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N17 Frequency of infliximab-induced skin lesions and their impact on quality of life in inflammatory bowel disease patients treated with infliximab

C. Bobnar Sekulic*1, T. Polanc1, U. Koren2, T. Kurent1, N. Smrekar1, J. Hanžel1, D. Drobne1, G. Novak1

1University Medical Centre, Clinical Department of Gastroenterology, Ljubljana, Slovenia, 2University of Ljubljana, Faculty of Pharmacy, Ljubljana, Slovenia


IBD patients treated with infliximab (IFX) develop drug-induced skin lesions in 20–30%. The impact of IFX-induced skin lesions on quality of life (QoL) is unknown.


In this prospective cross-sectional observational study all adult IBD patients on IFX maintenance treatment at our tertiary referral centre were enrolled. Patients with IFX-induced skin lesions were identified and referred to a dermatologist. All skin lesions were documented by photography. Patients filled in a questionnaire on QoL combining The Chronic Urticaria Quality of Life Questionnaire and Dermatology life quality index. The impact of skin lesion on QoL was rated with a score from 1 to 5. Scores >2.5 were considered to have an important impact.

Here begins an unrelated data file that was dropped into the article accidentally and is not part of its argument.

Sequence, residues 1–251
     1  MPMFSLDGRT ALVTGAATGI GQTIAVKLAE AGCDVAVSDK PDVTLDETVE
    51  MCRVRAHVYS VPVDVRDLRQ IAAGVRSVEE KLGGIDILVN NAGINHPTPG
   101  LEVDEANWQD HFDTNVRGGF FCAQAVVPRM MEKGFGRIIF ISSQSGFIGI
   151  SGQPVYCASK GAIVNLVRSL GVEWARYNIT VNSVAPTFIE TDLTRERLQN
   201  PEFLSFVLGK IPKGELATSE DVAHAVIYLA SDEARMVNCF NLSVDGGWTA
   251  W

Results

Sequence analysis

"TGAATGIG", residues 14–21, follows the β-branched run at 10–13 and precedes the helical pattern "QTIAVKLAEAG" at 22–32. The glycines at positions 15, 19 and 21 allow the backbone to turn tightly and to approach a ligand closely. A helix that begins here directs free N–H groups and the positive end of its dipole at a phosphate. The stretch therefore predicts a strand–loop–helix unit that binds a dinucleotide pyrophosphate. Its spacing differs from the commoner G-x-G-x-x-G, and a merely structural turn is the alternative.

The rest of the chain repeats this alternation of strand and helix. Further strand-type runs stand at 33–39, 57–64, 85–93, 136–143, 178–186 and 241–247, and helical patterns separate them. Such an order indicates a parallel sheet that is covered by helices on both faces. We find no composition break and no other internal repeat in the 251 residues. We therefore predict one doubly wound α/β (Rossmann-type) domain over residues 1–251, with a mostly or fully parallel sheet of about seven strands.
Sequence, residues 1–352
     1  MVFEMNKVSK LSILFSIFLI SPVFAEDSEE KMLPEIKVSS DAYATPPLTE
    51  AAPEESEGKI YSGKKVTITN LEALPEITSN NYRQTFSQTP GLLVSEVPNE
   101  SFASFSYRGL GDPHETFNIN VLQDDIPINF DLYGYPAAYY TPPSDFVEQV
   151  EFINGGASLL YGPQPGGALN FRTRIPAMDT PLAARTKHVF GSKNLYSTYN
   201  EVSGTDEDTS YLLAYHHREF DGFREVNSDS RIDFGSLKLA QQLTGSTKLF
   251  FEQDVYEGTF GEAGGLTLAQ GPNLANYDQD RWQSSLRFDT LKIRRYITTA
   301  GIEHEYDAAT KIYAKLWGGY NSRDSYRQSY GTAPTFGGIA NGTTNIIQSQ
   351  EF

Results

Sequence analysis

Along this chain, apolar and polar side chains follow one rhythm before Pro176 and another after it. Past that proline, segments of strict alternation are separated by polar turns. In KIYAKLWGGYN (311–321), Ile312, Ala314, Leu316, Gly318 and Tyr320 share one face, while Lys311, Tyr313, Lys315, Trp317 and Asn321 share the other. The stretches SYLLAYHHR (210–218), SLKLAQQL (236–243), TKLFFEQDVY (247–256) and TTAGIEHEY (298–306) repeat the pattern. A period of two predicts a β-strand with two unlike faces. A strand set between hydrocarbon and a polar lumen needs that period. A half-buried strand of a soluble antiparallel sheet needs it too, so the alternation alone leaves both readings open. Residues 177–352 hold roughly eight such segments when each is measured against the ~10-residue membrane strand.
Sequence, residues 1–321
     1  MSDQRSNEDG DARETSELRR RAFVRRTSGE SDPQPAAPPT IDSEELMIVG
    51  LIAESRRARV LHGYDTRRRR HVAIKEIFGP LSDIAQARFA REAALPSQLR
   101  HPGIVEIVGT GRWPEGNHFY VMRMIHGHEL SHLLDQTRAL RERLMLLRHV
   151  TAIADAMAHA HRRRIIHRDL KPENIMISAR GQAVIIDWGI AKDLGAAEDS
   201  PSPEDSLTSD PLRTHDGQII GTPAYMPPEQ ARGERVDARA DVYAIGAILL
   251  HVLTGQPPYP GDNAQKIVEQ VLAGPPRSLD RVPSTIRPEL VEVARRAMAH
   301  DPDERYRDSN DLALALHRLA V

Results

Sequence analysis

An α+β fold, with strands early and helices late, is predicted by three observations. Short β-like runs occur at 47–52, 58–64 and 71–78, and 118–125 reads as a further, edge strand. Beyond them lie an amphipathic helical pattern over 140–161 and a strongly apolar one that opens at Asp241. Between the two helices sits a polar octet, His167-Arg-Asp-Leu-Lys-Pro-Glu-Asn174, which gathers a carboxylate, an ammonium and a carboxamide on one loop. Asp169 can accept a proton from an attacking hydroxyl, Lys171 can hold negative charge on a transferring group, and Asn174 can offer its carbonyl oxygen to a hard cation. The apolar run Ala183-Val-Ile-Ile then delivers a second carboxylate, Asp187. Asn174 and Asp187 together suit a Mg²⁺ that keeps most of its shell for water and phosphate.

From January to March 2018, 171 patients, aged 20 to 78 years, on IFX maintenance treatment (55.6% men) were included in the study. IFX-induced skin lesions were identified in 40 patients (23.4%): among them eczema (45%), psoriasis (20%), xerosis (10%) and others (25%). Twenty-one patients (52.2%) had skin lesions for more than half a year. Skin lesions did not have an important impact on any of the studied domains (Figure 1).


In our study, we confirmed the high incidence of infliximab-induced skin lesions. However, the new finding is that the impact of these lesions on quality of life is not great.